688 grams. L6
TKW 45 kg. Observed fall 6 January 1985, Entre Rios, Argentina.
La Criolla fell at 6:15 pm on January 6, 1985 over Entre Rios in Argentina. One of the more spectacular falls of the latter part of the 20th century, it showered tens of crusted stones over a 4 x 6 mile elliptical strewn field east of Estancion La Criolla and west of Concordia. Witnesses reported a bright fireball and multiple sonic detonations. An almost 2 kg individual augured itself into the local soccer field while a 750 gram stone crashed through the roof and destroyed a door of a farmhouse as a family was dining, causing them to run from the house in fear for their lives after missing a woman by only fifteen feet.
La Criolla was one of Bob Haag’s earliest recoveries. Haag purchased a 6.1 kg specimen from the local mayor, a 7 kg specimen from a coffee shop, a 2.6 kg specimen from a farmer, then subsequently personally collected an additional fifty one stones totaling 34 kg (he later described how the locals were terrified by the way the meteorite fell onto their countryside, making it easy to convince people to part with their stones). Photos 1 and 2 show a 688 gram complete individual.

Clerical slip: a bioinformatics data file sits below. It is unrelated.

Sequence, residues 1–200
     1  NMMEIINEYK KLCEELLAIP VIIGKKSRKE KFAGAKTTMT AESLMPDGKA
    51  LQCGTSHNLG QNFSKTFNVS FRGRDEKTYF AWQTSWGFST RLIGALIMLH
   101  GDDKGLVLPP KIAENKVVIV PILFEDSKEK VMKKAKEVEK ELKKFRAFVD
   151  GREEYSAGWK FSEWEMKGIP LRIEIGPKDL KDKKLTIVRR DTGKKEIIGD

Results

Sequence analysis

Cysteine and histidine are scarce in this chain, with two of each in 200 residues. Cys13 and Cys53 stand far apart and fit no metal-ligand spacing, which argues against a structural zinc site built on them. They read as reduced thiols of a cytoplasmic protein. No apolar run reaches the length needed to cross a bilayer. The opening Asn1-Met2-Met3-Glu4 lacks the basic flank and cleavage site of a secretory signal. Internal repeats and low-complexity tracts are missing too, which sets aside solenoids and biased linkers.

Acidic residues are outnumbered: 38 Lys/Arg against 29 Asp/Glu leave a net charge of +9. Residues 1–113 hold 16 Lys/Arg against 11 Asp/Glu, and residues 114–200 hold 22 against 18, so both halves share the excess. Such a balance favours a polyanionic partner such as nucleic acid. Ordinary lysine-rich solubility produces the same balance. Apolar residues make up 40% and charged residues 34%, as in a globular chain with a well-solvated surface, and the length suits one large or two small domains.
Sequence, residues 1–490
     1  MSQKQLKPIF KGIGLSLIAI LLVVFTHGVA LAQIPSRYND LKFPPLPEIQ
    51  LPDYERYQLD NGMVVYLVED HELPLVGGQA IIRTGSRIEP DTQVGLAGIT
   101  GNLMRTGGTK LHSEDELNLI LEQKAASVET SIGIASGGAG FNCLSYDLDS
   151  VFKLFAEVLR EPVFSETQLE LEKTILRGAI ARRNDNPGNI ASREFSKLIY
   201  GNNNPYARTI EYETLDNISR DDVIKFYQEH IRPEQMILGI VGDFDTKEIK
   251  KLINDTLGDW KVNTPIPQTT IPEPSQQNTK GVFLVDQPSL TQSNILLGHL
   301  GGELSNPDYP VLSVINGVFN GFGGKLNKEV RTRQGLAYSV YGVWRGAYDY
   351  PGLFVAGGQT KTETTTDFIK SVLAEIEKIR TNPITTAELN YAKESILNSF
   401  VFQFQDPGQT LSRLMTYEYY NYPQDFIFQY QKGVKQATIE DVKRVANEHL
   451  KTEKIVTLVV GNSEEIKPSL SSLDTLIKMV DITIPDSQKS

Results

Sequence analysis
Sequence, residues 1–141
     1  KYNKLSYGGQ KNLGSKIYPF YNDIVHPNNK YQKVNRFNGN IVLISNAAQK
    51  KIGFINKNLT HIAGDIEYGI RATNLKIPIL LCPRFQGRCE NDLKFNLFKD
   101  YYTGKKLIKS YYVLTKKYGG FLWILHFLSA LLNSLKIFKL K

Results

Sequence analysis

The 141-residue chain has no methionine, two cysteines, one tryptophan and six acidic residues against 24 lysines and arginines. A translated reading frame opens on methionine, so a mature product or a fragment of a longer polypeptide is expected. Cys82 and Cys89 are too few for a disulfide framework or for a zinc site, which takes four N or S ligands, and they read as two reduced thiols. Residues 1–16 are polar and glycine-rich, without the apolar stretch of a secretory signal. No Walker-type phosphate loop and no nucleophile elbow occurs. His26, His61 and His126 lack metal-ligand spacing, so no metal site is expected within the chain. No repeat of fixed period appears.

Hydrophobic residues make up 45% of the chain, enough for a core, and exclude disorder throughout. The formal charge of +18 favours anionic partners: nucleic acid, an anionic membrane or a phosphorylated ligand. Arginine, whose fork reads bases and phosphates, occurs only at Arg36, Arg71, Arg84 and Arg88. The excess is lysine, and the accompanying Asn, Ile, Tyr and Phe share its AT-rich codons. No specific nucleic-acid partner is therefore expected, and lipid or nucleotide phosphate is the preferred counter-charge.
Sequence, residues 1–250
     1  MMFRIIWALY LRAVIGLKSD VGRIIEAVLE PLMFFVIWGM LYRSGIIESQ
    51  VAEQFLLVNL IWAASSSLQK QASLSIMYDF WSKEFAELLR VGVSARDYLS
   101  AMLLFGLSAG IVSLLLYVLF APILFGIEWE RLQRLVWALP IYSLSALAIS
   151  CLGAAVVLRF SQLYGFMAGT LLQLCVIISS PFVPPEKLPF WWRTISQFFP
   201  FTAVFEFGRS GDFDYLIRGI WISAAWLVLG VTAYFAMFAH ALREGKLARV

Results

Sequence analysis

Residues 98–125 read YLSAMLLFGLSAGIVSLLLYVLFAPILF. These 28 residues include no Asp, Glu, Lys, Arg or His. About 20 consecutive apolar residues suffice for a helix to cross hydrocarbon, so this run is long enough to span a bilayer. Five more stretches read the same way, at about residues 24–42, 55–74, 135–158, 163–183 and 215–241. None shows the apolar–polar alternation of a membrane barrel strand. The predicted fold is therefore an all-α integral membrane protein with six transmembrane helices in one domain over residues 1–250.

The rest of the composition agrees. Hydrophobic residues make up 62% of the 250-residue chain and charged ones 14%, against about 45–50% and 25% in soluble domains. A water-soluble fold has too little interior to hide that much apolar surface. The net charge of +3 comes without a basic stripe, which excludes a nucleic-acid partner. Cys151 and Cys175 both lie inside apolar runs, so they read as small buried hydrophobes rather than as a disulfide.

La Criolla is an L6 olivine-hypersthene chondrite with a shock rating of S4 and a weathering rating of W2. It has more chondrules than one would expect from a type 6, and it also has prolific tiny shock veins and metal flecks and blebs (Photos 3 and 4 show two examples of the latter in the crust). Some portions even contain obvious shock melt, as seen in Photo 5’s small 1.58 gram fusion crusted slice. Consequently many consider La Criolla to be one of the more aesthetically pleasing of the L6 chondrites.